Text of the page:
His fondest memories of teaching at Reed are his lectures for the humanities courses and discussions with students in literature classes. An actor since he was in the seventh grade--"I have a streak of ham in me a yard wide," he says--Svitavsky says that being in front of a class has been a "joy."
"Acting made it easier for me to relate to the students," he says. "There are some people who have no experience in dialogue, and acting helped me do that."
Svitavsky was, for many years, a "mainstay of the Humanities 110 program," says Peter J. Steinberger, dean of the faculty. "He has been a long-time contributor and a popular teacher. Students loved his lectures."
Svitavsky particularly enjoys performing Shakespeare and has appeared in at least 15 plays. He also acted professionally in summer stock, on television, and on film. He played a detective in a 1977 television film called The Possessed, starring Harrison Ford, James Farentino, and Joan Hackett; most of it was filmed at Reed. "Harrison Ford was a very nice guy," Svitavsky says.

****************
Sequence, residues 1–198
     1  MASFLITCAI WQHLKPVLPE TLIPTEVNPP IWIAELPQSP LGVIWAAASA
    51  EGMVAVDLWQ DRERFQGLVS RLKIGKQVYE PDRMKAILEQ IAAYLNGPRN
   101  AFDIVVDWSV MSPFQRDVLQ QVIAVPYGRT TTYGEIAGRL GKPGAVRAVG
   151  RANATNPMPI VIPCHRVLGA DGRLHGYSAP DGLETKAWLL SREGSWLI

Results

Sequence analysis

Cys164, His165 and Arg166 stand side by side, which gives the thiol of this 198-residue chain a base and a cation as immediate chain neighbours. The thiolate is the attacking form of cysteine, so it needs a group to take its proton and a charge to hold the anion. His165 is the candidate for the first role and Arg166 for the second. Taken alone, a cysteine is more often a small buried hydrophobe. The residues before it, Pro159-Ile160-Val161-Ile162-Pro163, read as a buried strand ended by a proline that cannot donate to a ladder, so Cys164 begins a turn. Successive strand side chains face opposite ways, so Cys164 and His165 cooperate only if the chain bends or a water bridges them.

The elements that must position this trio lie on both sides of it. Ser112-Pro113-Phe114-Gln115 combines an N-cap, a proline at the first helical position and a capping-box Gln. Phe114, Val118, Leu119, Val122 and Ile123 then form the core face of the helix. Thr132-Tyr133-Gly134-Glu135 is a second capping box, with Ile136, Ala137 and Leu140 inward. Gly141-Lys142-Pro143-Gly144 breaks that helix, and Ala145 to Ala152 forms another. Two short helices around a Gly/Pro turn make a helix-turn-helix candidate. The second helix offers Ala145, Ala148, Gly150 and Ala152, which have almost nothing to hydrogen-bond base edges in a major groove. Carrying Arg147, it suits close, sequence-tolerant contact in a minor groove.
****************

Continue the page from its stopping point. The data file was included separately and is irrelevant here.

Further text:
In retirement, Svitavsky plans to publish some of the papers he wrote while teaching. He also will continue taking painting classes and making ceramic sculpture. He and his wife will live in a house they bought a few years ago in Racine, Wisconsin, where Svitavsky grew up.
At the faculty luncheon honoring the three retirees, Peter Steinberger called Ottomar Rudolf the "mayor of Eliot Hall." Rudolf, a professor of German and humanities, laughs at the reference when asked why he might have been given that designation.
"Probably because I have lived here almost all my academic life," he says. "They have seen me at Eliot for over 35 years. It has been my life. Other people come and go, but I stayed."
He stayed, he says, because "I fell in love with Reed, I fell in love with the Northwest."